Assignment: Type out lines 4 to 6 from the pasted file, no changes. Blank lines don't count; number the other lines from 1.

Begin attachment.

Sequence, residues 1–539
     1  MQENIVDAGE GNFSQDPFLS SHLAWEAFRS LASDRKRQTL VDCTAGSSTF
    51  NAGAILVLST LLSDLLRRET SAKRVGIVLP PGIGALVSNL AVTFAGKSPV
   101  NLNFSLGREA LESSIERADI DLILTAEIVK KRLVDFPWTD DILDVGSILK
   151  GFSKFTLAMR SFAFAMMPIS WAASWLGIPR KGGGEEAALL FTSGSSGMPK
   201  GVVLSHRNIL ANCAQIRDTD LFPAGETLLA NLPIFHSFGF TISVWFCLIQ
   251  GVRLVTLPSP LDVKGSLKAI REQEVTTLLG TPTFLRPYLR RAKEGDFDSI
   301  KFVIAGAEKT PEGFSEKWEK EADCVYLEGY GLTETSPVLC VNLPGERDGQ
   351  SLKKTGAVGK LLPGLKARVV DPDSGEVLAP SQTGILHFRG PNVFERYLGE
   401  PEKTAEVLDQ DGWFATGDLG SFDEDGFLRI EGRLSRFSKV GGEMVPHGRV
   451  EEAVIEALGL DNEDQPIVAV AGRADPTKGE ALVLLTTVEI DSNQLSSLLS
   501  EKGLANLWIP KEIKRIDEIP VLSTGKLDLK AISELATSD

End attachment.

   101  NLNFSLGREA LESSIERADI DLILTAEIVK KRLVDFPWTD DILDVGSILK
   151  GFSKFTLAMR SFAFAMMPIS WAASWLGIPR KGGGEEAALL FTSGSSGMPK
   201  GVVLSHRNIL ANCAQIRDTD LFPAGETLLA NLPIFHSFGF TISVWFCLIQ